Villyan Bijev has the soccer ball on a string. That’s how the Republic FC midfielder makes it look, at least.
While Cameron Iwasa has set new club records in goals (16), it’s Bijev either helping set up Iwasa or putting added pressure on the defense by creating scoring chances.
“Dribbling is definitely is my strength,” said Bijev. “Last year, when I finished the season on loan (from Portland Timbers 2) we played a 4-2-2 (four defenders, two midfielders, two forwards) and I wasn’t as far forward. But this year, I’m playing a lot more forward in our 4-3-3 with basically three strikers, and it suits me better.”
Bijev and Republic FC secured the franchise’s fifth consecutive playoff berth and home-field advantage for the first round of the USL playoffs Oct. 20 at Papa Murphy’s Park. It’s likely that match will be against the Timbers 2. But first, Sacramento (18-7-8) hosts the Las Vegas Lights FC Saturday at 7:30 p.m. in the regular-season finale.
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“If we play (in the playoffs) like we’ve been lately, then we have a really good chance,” Bijev said. “We’re getting guys healthy, and starting to put some pieces together now.”
Bijev (pronounced BEE-jev) has dual citizenship between his native Bulgaria and America. Bijev was born in Sofia, Bulgaria in 1993 and moved to Fresno in 1998 when his parents received student VISAs to attend Fresno State. He and his younger brother, Kokie, “went along for the ride,” he said.
“It was a different culture for them, something totally different,” Bijev said of his parents. “The travel ban was lifted by the Russians in 1991, but you could only take so much money with you. It was an opportunity to study abroad and learn new things. The plan was to stay for two years on the VISAs, but those turned into work VISAs and we’ve been here ever since.”
Bijev said he barely remembers what life was like in Sofia, the Bulgarian capital. His only clear memory was accompanying his mother and grandmother to a market. His first name, Villyan, is a mashup of his maternal grandmother’s name – Villeta – and his paternal grandmother – Anka. His grandfather is his last living grandparent, he said, and still lives in a small suburb of Sofia.
Bijev said he barely knew any English words when he started kindergarten but soon his talent on the soccer pitch became apparent. By age 11, Bijev was a top talent on a local travel team competing against the best age-group players in California. By 15, he played for Cal Odyssey, an academy with ties to the U.S. national team. By 17, Bijev was scoring hat tricks in a single half during an under-18 national team camp and was invited to travel to Israel for a tournament. He and his family had just become U.S. citizens.
By 18, and newly graduated from Clovis North High School, Bijev had planned on playing soccer on scholarship at the University of Washington. But in July 2011, he was invited to trial for the Liverpool U-18s. In just two preseason friendlies, Bijev scored five goals and signed with the English Premier League stalwarts.
The day he was signed it was announced he was loaned to Fortuna Dusseldorf of the Bundesliga because he couldn’t get a work permit from the British government, he said.
“My time in Germany was a huge eye opener,” Bijev said. “Here I am, just graduated from high school, just left the academy, and I’m playing professionally in Germany with guys who had been pros almost as long as I’d been alive. It was intense.”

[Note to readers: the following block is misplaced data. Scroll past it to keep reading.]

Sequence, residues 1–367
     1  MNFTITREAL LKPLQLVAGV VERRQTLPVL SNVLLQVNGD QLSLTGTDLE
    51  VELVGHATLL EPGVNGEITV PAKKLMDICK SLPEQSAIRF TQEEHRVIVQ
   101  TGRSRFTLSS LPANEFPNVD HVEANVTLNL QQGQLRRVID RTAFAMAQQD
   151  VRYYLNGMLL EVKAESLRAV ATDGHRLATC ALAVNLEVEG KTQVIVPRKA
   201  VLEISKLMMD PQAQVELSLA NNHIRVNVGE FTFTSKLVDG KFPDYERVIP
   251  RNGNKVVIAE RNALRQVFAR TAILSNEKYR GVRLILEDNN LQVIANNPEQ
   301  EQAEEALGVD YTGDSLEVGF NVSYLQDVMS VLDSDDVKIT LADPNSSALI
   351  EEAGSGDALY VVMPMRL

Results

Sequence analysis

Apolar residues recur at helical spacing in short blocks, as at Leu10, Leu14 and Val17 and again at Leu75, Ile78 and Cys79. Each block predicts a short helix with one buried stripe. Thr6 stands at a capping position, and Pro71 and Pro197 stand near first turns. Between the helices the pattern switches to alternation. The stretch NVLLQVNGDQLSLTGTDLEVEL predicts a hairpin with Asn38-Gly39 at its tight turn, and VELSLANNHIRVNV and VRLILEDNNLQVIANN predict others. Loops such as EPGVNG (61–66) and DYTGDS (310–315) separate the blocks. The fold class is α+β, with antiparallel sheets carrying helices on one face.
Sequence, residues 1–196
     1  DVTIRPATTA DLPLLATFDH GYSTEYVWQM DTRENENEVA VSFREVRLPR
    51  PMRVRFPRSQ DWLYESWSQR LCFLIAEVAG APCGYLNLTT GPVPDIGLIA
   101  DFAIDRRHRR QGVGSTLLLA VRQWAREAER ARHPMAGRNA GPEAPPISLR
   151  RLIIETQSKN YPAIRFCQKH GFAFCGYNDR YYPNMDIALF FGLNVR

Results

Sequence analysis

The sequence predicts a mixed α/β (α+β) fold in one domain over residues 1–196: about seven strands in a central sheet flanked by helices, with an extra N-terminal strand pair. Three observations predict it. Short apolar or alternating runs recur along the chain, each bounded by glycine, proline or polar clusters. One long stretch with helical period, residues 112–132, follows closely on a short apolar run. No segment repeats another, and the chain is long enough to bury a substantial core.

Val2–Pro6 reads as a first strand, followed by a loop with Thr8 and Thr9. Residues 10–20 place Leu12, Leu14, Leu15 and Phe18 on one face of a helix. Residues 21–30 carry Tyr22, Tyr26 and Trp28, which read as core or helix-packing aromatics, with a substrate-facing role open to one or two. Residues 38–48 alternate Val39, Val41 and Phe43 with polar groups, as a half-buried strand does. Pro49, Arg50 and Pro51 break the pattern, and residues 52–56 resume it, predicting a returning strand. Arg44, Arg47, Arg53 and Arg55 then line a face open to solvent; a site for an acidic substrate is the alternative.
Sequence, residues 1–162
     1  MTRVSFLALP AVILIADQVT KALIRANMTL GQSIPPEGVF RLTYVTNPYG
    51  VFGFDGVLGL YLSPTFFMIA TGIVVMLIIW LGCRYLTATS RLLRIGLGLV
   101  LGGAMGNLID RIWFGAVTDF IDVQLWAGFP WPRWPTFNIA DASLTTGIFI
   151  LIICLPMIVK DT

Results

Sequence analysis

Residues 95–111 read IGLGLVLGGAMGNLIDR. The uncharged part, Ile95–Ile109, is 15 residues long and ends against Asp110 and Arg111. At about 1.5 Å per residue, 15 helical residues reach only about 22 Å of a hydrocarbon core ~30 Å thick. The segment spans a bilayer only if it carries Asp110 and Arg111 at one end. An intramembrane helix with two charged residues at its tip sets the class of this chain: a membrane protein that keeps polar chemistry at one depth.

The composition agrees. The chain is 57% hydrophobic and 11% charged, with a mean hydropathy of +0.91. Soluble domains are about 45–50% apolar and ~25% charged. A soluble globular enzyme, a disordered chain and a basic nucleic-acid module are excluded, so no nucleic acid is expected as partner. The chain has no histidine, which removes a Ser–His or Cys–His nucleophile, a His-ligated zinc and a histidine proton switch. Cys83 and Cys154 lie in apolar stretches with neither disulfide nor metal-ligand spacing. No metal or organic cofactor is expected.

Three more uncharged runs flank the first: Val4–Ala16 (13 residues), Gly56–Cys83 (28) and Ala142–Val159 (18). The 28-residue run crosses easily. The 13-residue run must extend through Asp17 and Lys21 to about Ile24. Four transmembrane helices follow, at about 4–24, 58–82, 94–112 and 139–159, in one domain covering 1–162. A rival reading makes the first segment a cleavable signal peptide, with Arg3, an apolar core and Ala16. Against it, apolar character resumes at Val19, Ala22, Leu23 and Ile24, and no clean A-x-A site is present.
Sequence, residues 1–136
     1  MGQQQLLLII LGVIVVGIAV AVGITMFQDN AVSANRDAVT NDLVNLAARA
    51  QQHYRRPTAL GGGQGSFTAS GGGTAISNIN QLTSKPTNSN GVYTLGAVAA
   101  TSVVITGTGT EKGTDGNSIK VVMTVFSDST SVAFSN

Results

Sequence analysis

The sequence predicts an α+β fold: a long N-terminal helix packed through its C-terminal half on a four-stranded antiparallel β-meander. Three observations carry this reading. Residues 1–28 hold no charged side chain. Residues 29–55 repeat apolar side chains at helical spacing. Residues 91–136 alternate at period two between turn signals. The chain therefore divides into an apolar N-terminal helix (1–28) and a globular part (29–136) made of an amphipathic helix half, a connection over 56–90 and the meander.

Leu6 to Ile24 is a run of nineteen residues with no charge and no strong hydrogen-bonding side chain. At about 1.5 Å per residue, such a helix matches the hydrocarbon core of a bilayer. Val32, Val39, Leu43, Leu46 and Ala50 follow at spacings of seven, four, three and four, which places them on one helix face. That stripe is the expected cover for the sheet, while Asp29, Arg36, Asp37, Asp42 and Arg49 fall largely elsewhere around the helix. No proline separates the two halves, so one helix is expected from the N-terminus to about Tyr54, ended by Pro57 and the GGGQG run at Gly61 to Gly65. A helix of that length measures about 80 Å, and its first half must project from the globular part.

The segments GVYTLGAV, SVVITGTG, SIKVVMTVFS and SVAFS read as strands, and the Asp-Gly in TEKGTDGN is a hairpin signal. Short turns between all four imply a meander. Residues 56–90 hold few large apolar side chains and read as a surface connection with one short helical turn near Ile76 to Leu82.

Bijev and Liverpool parted ways at the end of the 2013-14 season, and after a stint at Slavia Sofia in the Bulgarian top division, he signed with Cherno More Varna, another top Bulgarian team, and helped Cherno win the 2015 Bulgarian Cup.
Bijev returned home to Fresno in 2016 believing that he’d done enough to earn a contract with a Major League Soccer team. The Portland Timbers signed him, but immediately sent him to the Timbers 2 USL side where he scored eight goals in 29 appearances. He also led the USL in assists with 10 and made the USL All-League First Team.
He led the Timbers 2 with seven goals in 2017 in a terrible season that saw T2 go 3-23-6 and finish last in the USL. He signed a contract with Sacramento in the offseason with a club option for 2019.
“I loved the city and the people were great,” Bijev said of Portland. “But I didn’t want a third year playing with one team’s second squad and got more structure with Sacramento right away, plus it was close to home.”
Bijev provided instant support in the middle for Republic FC, who were sorely missing the playmaking ability of Danny Barrera, who had broken his leg six weeks earlier.
Republic FC went through a major rebuilding shuffle in the offseason, firing head coach and technical director Paul Buckle, hiring Simon Elliott as his successor and letting Barrera and most of the roster go. But Sacramento welcomed back native son Iwasa as its striker and soon he and Bijev were connecting on the pitch.
“We like players who can play multiple positions and areas on the field,” Elliott said. “Where I see a lot of improvement from Villyan this season is without the ball, how he gets himself into position to be a threat. He’s sharpened his focus and I expect him to do great things for us in the playoffs.”
Iwasa leads the team in shots (90), goals (16) and assists (six). Bijev is second in shots (77), tied for second in goals (five) with Christian Eissele and tied for second in assists (five) with Jure Matjasic. Bijev leads the team in chances created with 54. A chance corresponds to a shot whether it’s on target or not — a key stat for a midfielder.
“He’s super talented and some of the stuff he can do on the ball in one-versus-one situations is just amazing,” Iwasa said. “He prefers to get the ball in isolated situations where he can use his dribbling ability. If he plays on the left side he can cut and shoot, and if he’s on the right side I can expect a nice service.”